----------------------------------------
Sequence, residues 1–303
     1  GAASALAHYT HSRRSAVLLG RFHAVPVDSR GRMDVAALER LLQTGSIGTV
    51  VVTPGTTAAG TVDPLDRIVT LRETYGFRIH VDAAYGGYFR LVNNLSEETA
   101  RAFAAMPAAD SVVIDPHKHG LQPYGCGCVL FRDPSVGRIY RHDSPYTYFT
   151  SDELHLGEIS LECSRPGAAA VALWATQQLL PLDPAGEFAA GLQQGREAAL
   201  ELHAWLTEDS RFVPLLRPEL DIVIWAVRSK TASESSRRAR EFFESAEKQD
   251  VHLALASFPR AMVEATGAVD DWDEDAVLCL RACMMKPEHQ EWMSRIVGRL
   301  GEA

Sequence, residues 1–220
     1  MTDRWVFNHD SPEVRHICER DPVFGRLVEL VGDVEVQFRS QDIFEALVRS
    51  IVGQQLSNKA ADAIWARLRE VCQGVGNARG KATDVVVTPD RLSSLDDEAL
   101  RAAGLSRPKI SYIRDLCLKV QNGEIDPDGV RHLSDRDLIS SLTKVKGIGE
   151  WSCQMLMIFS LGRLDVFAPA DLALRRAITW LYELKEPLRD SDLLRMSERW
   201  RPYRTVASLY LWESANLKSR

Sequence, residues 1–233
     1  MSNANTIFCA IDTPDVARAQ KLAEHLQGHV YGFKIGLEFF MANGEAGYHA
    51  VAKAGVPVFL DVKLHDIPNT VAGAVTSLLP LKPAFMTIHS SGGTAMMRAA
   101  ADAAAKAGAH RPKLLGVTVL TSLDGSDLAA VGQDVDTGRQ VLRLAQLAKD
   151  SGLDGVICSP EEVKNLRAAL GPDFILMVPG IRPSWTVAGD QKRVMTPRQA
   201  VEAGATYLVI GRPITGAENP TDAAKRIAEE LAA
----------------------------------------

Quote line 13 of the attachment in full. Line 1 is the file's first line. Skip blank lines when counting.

   151  WSCQMLMIFS LGRLDVFAPA DLALRRAITW LYELKEPLRD SDLLRMSERW